This high-tech, high-touch company found itself in the eye of the storm on August 14, 2003. More precisely the media attention generated by being located in the 4th largest media market in the US at a stone's throw from a blackout of unknown causes that impacted 8 states and 1 province in Canada. And did not impact its network. Do you remember where you were then?
PJM's Media Relations Manager Ray Dotter does. That's because PJM Interconnection plays a vital role in delivering electricity to 51 Million people in 13 states (+D.C.) over 164,260 square miles of territory and 56,070 miles of transmission lines. Indeed, the Greater Philadelphia area hosts the company responsible for the largest centrally dispatched electricity grid in the world, which operates the largest competitive wholesale electricity market in the world.
Valley Forge, PA made the news again three short years ago.
The size of PJM's business is enormous, yet:
- The do not own any assets
- They are profit neutral
- They have no financial tie nor interest in the providers who participate in the utility market
They're like air traffic controllers. They help plan for regional lines and interconnect power generation for their 400+ members. This is a new kind of independence and a model that many other companies unknown to you have followed.
So how did we learn about PJM? We did precisely because of their location in a major media market and their technical knowledge of the power industry. In August 2003, national and international media descended upon PJM's headquarters wanting answers, wanting sound bytes and, that immediate need to fill air time satiated, wanting to know why a company no one had heard of managed to keep the grid from going down in the regions it supports.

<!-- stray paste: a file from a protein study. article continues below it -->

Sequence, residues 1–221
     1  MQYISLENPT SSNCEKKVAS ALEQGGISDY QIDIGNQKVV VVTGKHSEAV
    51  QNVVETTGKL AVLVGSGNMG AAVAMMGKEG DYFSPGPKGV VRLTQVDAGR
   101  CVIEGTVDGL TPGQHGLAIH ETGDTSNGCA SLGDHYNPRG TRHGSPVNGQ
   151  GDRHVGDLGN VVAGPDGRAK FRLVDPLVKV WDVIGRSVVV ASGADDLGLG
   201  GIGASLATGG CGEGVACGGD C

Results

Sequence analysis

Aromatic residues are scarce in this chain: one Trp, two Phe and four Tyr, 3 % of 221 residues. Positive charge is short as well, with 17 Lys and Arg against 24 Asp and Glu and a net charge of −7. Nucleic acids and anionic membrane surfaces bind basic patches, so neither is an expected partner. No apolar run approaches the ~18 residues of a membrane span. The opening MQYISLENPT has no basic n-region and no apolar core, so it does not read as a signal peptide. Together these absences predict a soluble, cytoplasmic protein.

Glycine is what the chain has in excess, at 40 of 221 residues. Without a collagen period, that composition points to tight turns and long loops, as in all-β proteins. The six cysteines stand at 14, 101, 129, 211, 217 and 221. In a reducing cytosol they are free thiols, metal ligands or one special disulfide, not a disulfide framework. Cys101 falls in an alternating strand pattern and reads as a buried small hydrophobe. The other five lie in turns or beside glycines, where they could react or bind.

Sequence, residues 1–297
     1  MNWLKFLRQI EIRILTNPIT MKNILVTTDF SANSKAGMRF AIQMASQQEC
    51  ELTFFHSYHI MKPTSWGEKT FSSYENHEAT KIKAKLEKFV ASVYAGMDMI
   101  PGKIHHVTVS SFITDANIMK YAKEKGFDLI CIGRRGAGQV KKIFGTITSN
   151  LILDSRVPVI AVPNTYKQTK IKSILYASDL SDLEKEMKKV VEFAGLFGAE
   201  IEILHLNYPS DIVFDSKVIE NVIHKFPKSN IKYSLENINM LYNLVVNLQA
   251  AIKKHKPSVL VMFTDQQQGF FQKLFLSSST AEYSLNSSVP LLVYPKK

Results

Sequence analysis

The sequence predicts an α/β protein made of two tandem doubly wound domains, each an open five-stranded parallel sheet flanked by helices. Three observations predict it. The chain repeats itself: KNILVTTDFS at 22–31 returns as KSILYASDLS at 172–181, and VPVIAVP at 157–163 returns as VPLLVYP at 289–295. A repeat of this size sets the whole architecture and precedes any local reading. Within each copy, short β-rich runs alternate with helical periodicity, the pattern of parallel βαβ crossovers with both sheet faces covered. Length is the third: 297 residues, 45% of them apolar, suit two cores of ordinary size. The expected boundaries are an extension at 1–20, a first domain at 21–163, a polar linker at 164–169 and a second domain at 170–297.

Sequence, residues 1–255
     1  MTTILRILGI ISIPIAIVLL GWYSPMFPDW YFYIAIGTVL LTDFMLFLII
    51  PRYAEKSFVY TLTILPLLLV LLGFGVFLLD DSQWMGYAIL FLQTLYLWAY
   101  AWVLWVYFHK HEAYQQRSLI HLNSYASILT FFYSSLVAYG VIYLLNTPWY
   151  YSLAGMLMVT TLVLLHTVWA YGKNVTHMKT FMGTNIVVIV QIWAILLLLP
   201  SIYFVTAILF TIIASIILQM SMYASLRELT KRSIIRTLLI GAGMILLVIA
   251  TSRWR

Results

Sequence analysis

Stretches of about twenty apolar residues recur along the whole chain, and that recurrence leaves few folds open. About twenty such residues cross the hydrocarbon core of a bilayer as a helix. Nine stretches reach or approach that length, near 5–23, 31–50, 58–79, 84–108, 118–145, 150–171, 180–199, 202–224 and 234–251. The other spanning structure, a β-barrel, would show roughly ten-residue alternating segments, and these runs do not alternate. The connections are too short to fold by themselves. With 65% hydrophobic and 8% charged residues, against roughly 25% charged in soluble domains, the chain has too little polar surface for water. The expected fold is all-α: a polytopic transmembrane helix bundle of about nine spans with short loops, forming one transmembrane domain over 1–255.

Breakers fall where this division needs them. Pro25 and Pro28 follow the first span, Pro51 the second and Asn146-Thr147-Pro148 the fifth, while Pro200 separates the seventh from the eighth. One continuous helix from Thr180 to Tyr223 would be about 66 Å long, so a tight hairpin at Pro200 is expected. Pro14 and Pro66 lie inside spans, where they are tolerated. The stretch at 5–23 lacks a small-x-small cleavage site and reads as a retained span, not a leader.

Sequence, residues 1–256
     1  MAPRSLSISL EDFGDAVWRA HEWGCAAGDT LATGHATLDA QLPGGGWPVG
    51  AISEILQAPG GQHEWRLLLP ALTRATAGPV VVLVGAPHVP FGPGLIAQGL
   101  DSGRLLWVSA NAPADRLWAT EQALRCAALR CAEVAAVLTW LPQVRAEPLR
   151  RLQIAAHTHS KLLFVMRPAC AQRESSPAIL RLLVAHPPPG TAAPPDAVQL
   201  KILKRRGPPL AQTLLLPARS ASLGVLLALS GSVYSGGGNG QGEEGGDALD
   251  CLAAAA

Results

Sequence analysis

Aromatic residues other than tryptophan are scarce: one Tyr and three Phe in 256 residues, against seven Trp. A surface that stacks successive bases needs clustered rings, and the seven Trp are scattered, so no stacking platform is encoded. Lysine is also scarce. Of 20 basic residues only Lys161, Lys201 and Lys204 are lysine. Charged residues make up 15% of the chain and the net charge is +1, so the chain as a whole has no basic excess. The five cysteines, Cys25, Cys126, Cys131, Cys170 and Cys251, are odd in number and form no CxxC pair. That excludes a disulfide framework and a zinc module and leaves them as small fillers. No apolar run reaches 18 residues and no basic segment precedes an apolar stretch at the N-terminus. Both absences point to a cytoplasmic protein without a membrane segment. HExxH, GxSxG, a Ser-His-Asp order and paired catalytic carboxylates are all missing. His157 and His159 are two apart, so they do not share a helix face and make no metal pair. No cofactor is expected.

Is PJM an aggregator?
The company ties together the physical needs of the system it supports. Any given calendar day, hour, minute and second the company makes sure there is enough power to keep the lights and your appliances on, operating what on the retail side fragments into many providers as if it were in fact, one single system.
The company orchestrates the balance between too much and too little energy. It monitors and coordinates more than 1,000 electric generators, 56,000 miles of high-voltage transmission lines and 3,660 substations. Power generators, utilities and power marketers coordinate their operations through PJM. Doing so makes major electric outages less likely to occur and reduces power costs.
You probably had not heard of PJM until August 2003. Yet, it manages to give you reliable, consistent power -- day in, day out. How many other companies, and people, do you know of, who manage to hold it all together for you? Do you learn about them only when things go wrong? How does one communicate when everything goes well? Does anyone miss hearing about those instances?